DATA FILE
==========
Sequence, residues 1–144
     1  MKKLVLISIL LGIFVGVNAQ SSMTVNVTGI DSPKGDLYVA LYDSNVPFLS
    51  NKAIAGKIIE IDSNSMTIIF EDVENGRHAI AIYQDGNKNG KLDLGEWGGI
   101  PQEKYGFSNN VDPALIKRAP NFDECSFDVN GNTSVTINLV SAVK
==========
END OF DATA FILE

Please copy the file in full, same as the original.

Sequence, residues 1–144
     1  MKKLVLISIL LGIFVGVNAQ SSMTVNVTGI DSPKGDLYVA LYDSNVPFLS
    51  NKAIAGKIIE IDSNSMTIIF EDVENGRHAI AIYQDGNKNG KLDLGEWGGI
   101  PQEKYGFSNN VDPALIKRAP NFDECSFDVN GNTSVTINLV SAVK